It's the debate that has the wine world in a buzz—the Great Decanting Controversy of 2013. On Tuesday, Wine Spectator's Matt Kramer posed a provocative question: Why bother decanting wine? Once upon a time, Kramer says decanting a wine helped to alleviate its flaws (like bad odors or excessive sediment). But now, since production techniques have improved, just what is the ritual for? The comment section went wild. You shouldn't decant—unless it's Italian. Don't decant those Napa Cabs, but you'd better do it with South African Pinots. It's almost enough to make you reach for a beer.
Kramer argues that older wines often have sediment, which decanting separates out. But he also warns us of what he calls the “grandma rule,” which is that “leaving [really old wines] exposed to air for hours is as risky as taking grandma skydiving." On the other hand, young wines benefits from some air-time. But Kramer points out that a majority of today’s wineglasses have such large cups that essentially a few swirls will do the trick of aerating just the same (with one less piece of glassware to clean!).
We called Debbie Zachaeas, co-owner of Ferry Plaza Wine Merchant, to get her to weigh in. “I only decant sometimes,” she tells us, “but I love to decant white and red burgundies in general. And most fuller bodied reds.” Really young, really tannic reds would benefit from even double decanting, Zachaeas, tells us, “But at home I’m not drinking those wines so there is no reason, personally, to double decant and if that’s the case I’m going to be cellaring it”.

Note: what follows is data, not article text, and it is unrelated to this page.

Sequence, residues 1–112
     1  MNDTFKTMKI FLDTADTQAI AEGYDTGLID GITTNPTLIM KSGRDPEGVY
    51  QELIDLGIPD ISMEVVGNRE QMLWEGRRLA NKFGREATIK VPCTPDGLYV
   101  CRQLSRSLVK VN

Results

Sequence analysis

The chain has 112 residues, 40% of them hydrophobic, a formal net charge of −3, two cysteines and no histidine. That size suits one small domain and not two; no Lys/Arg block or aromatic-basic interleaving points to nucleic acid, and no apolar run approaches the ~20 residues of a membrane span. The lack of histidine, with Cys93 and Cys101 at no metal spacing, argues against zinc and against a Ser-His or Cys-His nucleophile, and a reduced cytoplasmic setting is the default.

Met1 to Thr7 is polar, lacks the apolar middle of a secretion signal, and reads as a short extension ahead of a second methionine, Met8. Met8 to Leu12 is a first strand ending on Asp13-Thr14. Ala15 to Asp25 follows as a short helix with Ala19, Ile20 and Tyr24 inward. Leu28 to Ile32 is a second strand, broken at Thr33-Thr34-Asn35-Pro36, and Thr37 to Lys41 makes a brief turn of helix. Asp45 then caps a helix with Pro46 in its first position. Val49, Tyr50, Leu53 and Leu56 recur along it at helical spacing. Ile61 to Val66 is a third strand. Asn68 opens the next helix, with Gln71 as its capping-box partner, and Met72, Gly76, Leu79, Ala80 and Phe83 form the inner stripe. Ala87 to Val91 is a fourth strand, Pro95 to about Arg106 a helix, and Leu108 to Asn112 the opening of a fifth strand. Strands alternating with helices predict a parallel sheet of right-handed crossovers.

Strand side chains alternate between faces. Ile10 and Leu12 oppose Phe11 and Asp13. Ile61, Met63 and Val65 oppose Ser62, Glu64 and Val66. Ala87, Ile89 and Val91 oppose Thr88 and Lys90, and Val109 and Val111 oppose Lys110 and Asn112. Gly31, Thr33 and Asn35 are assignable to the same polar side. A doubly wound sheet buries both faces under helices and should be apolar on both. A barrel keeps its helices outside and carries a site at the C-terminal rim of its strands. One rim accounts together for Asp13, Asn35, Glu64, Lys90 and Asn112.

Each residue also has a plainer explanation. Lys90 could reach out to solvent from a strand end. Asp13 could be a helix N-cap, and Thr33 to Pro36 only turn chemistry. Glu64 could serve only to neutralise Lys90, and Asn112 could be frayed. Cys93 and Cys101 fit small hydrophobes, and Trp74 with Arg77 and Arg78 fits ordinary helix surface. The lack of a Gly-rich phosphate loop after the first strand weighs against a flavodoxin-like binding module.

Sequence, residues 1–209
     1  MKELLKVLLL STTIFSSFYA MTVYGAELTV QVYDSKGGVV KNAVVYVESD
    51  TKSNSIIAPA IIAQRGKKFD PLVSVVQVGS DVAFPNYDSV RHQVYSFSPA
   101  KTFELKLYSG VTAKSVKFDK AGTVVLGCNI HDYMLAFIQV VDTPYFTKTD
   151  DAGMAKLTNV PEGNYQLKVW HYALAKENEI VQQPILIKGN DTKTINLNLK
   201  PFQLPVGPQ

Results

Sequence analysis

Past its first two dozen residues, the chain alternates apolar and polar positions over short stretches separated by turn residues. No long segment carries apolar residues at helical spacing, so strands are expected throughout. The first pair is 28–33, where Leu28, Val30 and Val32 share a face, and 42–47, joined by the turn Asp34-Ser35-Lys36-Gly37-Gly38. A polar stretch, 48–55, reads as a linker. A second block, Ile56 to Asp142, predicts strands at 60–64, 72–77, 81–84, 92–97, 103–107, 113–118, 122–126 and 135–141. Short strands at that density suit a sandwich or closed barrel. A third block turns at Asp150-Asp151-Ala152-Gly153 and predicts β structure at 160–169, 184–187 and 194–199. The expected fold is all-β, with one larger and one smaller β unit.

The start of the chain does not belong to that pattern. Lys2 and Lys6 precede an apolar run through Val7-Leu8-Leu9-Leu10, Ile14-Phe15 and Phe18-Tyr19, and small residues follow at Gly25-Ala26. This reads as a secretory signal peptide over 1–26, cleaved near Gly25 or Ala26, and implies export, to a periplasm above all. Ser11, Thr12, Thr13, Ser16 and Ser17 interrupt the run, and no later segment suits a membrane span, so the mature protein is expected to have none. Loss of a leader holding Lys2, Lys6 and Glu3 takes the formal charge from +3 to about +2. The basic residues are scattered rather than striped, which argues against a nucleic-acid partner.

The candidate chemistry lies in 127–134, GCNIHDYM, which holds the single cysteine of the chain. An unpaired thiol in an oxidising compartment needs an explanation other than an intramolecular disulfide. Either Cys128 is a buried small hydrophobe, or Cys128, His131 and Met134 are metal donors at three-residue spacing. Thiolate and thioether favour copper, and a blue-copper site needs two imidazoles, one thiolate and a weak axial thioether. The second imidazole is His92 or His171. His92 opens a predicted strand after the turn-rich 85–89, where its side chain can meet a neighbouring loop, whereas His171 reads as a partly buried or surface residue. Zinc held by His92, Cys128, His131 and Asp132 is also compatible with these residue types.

So, at the end of the day (and the bottle) shall we or shan't we decant?
If for no other reason, decanting is a nice way of allowing your prized juice to open up a bit and keep those judging eyes at bay. It lessens the chance of what Kramer calls “label hypnosis" from occuring. “Many wine lovers [...] are transfixed by the sight of the label. They can't take their eyes—and their palates—off it." So, when in doubt, air it out.